Focused on art forgery, this flabbergasting story expands into a full scale expose of the modern confidence game and why, after all these years, it still works.
Arne Birkenstock’s fascinating documentary is a skillful and entertaining examination the latest, and what may be the greatest, con game of all time. Starting in the 1970’s Wolfgang Beltracchi painted works of art falsely attributed some of the most sought after artists of the 20th century. His forgeries were only discovered about ten years ago. He, his wife Helene and one or more accomplices were thrown in the clink and have now been released. In this great movie the man who may be the best art forger in history tells his story with entrancing charm, transparency and detail.
Art forgeries are incredibly hard to detect, not only because they are skillfully done, but because upper echelon art owners are not all that interested in cooperating. Director Birkenstock says that Beltracchi never kept records. In fact, he may or may not even remember every forgery he has done in the last forty years, although he claims he would always recognize one and has run over “forgotten” forgeries accidentally in the past.
Although he knows where he sold his forgeries originally, once sold they disappeared. Galleries and auction houses will not publish the names of their buyers. Some reappeared when they were resold in public auctions or art fairs but even so there are no records of buyers after that. The trail goes cold quickly and stays cold. This is a world where privacy is paramount and the rich can afford to pay for it.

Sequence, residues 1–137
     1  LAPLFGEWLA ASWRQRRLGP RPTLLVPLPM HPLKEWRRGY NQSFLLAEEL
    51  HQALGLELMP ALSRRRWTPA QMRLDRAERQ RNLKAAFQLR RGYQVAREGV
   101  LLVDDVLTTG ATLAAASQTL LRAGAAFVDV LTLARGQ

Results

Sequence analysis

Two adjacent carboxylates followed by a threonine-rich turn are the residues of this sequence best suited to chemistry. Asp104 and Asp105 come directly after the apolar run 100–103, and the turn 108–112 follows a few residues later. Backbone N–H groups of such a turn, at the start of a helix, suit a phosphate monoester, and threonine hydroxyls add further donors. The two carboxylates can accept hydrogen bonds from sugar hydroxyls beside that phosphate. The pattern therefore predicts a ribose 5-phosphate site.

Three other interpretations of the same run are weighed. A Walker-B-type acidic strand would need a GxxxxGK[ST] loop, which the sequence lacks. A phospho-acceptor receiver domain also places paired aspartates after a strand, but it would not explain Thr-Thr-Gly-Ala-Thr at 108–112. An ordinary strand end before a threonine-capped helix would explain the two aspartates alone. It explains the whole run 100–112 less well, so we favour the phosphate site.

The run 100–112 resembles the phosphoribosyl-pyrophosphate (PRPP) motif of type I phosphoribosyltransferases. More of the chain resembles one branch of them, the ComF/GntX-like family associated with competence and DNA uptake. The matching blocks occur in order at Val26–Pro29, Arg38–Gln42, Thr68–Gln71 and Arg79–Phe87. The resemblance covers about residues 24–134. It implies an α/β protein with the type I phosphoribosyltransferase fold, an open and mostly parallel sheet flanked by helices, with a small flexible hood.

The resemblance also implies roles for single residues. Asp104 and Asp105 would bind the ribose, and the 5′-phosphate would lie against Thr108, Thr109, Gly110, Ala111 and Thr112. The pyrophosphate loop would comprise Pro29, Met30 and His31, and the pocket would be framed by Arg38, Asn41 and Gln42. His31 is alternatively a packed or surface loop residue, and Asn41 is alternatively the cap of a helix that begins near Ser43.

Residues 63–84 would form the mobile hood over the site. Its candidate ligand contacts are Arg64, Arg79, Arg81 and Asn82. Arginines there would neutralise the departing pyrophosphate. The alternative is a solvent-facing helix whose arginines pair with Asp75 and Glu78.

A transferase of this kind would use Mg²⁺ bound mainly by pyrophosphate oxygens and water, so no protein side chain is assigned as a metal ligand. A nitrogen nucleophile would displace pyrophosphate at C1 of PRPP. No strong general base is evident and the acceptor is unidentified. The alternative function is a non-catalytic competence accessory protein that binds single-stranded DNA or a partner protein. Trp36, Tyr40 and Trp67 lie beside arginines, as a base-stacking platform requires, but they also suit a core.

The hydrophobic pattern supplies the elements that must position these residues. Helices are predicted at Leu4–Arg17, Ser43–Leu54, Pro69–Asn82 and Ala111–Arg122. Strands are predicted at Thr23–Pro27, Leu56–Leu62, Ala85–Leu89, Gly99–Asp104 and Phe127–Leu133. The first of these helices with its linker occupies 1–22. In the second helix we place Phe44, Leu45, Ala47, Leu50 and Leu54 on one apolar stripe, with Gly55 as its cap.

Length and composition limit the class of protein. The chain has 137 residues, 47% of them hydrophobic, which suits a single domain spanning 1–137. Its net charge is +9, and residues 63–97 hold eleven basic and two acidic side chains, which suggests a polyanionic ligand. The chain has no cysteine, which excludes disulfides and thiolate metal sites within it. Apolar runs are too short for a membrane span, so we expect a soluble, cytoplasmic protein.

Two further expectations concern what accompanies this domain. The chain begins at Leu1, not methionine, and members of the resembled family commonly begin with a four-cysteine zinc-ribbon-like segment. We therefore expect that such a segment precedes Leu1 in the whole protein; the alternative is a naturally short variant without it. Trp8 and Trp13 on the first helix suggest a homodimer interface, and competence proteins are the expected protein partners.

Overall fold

In the course of Beltracchi’s criminal and civil trials there have been less than fifty forgeries identified of the several hundred the artist claims he created. The rest of the lot, probably sold for upwards of a hundred million dollars, are still floating around in the art world, most with prestigious certificates of authenticity and fully documented fake histories. Many could be on public display.
Most astonishing is that although his lawyers contacted art dealers who had traded his forgeries in order to identify buyers and collectors so that they could make claims, very few dealers reacted. World leaders such as Christies or Sotheby’s (who have sold half a dozen Beltracchis) never claimed anything. One of them did not even respond when German police notified them about one suspected painting and asked them to inform their buyer. At this point the viewer may start to wonder just exactly how many famous paintings, accepted as legitimate for centuries, are forgeries.
What floors the viewer with a grain of conscience is that Beltracchi is quite comfortable with his current position. He has a monopoly of knowledge regarding the fakes at large and the majority of the owners of his fakes appear to be cooperating with him fully. Although he appears to be virtually penniless and, of course, his creativity is closely monitored, he certainly has the attention he craves. Perhaps that is what it was all about from the beginning.
This story covers new and unique ground into the age old confidence game as applied to art forgery. The money is just the start; more fascinating are the psychological, historical and ethical aspects of the crime; what it is, why it is important and why it works.